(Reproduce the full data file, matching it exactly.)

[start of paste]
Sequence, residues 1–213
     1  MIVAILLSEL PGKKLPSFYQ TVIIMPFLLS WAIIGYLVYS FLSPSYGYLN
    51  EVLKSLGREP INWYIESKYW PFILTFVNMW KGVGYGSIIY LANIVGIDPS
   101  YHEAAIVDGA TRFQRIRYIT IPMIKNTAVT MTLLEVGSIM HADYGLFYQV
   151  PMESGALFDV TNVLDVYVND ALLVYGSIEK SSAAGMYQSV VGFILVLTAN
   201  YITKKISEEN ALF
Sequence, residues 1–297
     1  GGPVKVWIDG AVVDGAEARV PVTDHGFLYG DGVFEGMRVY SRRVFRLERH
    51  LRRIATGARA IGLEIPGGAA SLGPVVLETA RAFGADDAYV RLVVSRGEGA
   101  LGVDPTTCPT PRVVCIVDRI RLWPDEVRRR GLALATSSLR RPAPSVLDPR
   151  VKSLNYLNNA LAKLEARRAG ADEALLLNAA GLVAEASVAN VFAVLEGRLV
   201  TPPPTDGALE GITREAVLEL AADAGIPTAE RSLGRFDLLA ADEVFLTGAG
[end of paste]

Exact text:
Sequence, residues 1–213
     1  MIVAILLSEL PGKKLPSFYQ TVIIMPFLLS WAIIGYLVYS FLSPSYGYLN
    51  EVLKSLGREP INWYIESKYW PFILTFVNMW KGVGYGSIIY LANIVGIDPS
   101  YHEAAIVDGA TRFQRIRYIT IPMIKNTAVT MTLLEVGSIM HADYGLFYQV
   151  PMESGALFDV TNVLDVYVND ALLVYGSIEK SSAAGMYQSV VGFILVLTAN
   201  YITKKISEEN ALF
Sequence, residues 1–297
     1  GGPVKVWIDG AVVDGAEARV PVTDHGFLYG DGVFEGMRVY SRRVFRLERH
    51  LRRIATGARA IGLEIPGGAA SLGPVVLETA RAFGADDAYV RLVVSRGEGA
   101  LGVDPTTCPT PRVVCIVDRI RLWPDEVRRR GLALATSSLR RPAPSVLDPR
   151  VKSLNYLNNA LAKLEARRAG ADEALLLNAA GLVAEASVAN VFAVLEGRLV
   201  TPPPTDGALE GITREAVLEL AADAGIPTAE RSLGRFDLLA ADEVFLTGAG